Shortage of Tc-99m hitting Canadian hospitals
November 16, 2022
HALIFAX – An unexpected mechanical problem at a nuclear plant in Belgium has doctors in Halifax scrambling to reprioritize and reschedule patients in need of diagnostic imaging. That turmoil will be felt – albeit briefly – throughout Canada, North America and the world, until the supply of Technetium-99m (Tc-99m), the most predominant radioactive isotope used in that imaging, stabilizes.
For now, doctors will be rearranging their patients’ appointments in order of urgency, said Dr. Steve Burrell (pictured), the head of nuclear medicine in the department of Diagnostic Imaging at the Queen Elizabeth II Health Sciences Centre in Halifax.
“We have reasonable supply this week. Next week is going to be very low. And the week after that we’ll not have anything until they come back online,” Dr. Burrell told the Toronto Star earlier this month.
At that point, he said, hospitals will have to use alternative – sometimes not as effective – tests to take the place of those using radioactive isotopes. Ironically, Canada was once a world leader in producing such isotopes, until a federal government decision in 2008 closed the door on continuing.
QEII hospital performs some 6,000 of those diagnostic imaging tests per year. Across Canada that annual figure is close to 1.1 million. The U.S. performs some 15 million tests per year, and the global figure is close to 40 million.
Most of the isotopes used in those tests – the ones that doctors use to help diagnose everything from cancer to heart disease to lung and kidney issues to gastrointestinal problems – are produced by only six reactors across the planet.
The Belgian reactor in question, called BR2, is the largest, production-wise. What it actually produces, what all the reactors actually produce by bombarding uranium targets, is molybdenum-99 (Mo-99) which, over its 66-hour half-life, decays into Tc-99m.
Usually, those six reactors have carefully co-ordinated schedules, ensuring that only a few are offline – generally for refuelling and maintenance – at any given time.
The trouble for BR2 began on Oct. 28, when routine maintenance revealed mechanical troubles which meant it could not go back online as planned. That, combined with the fact that three of the five remaining reactors were offline for their own scheduled maintenance meant that the world’s supply of Mo-99 was severely compromised.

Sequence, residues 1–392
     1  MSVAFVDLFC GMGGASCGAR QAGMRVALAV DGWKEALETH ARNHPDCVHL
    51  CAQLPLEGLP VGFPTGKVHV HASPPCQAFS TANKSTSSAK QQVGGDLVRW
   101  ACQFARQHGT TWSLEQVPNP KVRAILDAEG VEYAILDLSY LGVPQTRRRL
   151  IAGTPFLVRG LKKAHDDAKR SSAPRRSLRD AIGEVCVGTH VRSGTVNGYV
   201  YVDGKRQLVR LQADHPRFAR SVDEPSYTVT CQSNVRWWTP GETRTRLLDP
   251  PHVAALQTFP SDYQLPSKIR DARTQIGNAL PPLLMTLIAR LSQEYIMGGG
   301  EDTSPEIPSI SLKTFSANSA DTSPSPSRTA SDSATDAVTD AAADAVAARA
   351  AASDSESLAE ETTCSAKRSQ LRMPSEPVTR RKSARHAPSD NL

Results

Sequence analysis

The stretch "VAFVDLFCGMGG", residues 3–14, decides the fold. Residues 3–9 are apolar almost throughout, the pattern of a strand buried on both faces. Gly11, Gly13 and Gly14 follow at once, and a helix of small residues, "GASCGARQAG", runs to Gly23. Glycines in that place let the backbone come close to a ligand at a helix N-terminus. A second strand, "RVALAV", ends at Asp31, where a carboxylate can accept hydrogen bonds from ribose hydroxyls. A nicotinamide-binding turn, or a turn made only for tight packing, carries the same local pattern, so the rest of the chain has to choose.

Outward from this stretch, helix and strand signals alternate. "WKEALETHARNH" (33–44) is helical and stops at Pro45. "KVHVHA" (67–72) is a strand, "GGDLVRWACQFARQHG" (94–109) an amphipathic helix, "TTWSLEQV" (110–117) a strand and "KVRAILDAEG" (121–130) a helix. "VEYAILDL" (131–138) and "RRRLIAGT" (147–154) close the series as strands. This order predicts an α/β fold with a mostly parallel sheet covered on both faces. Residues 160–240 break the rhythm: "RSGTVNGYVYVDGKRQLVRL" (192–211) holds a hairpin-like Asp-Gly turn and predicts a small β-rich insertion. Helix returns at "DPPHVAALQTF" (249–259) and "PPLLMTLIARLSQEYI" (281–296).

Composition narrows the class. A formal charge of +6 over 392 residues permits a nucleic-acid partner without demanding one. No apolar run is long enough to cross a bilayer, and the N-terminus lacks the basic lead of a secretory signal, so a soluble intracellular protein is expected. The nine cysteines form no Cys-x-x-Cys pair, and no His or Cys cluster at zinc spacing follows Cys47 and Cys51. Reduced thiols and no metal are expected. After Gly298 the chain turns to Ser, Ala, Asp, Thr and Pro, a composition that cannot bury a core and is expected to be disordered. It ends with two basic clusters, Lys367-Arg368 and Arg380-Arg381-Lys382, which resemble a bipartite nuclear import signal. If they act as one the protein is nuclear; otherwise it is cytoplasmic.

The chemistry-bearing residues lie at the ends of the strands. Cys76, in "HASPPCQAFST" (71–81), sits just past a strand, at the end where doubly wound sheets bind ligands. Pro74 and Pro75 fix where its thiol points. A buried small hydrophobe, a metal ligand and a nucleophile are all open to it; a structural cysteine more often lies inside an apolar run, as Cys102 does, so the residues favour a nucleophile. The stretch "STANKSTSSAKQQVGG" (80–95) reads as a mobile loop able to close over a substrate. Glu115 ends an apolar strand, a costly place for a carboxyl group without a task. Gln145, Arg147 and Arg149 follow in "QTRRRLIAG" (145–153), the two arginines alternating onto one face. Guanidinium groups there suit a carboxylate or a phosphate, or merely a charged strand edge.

Where initial alerts were projecting a shortage of isotopes that might last into February 2023, Curium – one of the two distributors of the isotopes in Canada – now says that the shortage should be resolved by Nov. 21, according to François Lamoureux, president of the Canadian Association of Nuclear Medicine.
To a large extent the situation has been mitigated by some of the other reactors delaying scheduled shutdowns, restarting early or increasing production. But the current shortage does shine a light on what seems to be a relatively fragile supply chain for a globally critical healthcare element.
“They’re not as rare as we wish they were,” says Alan Packard, a past president of the Society of Nuclear Medicine and Molecular Imaging, of isotope supply issues, likening a reactor’s surprise shutdown to a flat tire.
“I don’t know if fragile is the right word, but it’s a supply chain that’s subject to disruption … you can drive with one flat tire. It’s not going to work very well, but you can, so long as you have to. But if you get two flat tires, you’re in big trouble.”
He says the U.S. Department of Energy has been throwing millions of dollars at projects aimed at developing new ways to produce molybdenum so it would be less dependent on foreign reactors. That funding has just begun to bear fruit, says Packard, noting North Star, a new distributor of the isotope, just coming online.
For Canada, it’s an ignominious position for a country that used to be at the global forefront of the production of these isotopes.
For years, up until 2013, Canada produced about a third of the global supply of the radioactive isotopes used for diagnostic imaging, and more than half of the North American supply.
That was the legacy of the Chalk River NRU reactor, about 180 kilometres northwest of Ottawa. So dominant was Canada in generating these isotopes that when the Chalk River reactor went down for weeks in 2007, the impact was felt all over the globe and it was widely remembered as one of the most severe shortages ever.
In the wake of that incident, a report to then-health minister Tony Clement recommended “expeditious commissioning” of replacement reactors dubbed Maple I and II; but Canada later pulled the plug on that plan, citing persistent technical problems and “economic impediments.”
The Chalk River reactor ceased production in 2016, taking Canada out of the molybdenum business and making the country dependent on foreign reactors for its supply of isotopes.
That, says Lamoureux, was short-sighted. He compares the Stephen Harper government’s shutdown of Canada’s nuclear medicine capabilities to John Diefenbaker’s axing of the Avro Arrow fighter plane in 1959 – Canada squandering its position on the leading edge of technology.
“The same error, with the same type of government; people who don’t have any visions about nuclear medicine,” he says. “Because nuclear medicine is not just a specialty which detects disease, but now it’s a specialty which will treat most of the diseases.”
In Germany, radioactive isotopes are already being used to treat skin cancer, the most common form of cancer, he says. The second-most common cancer in males – prostate cancer – is also already being treated by isotopes.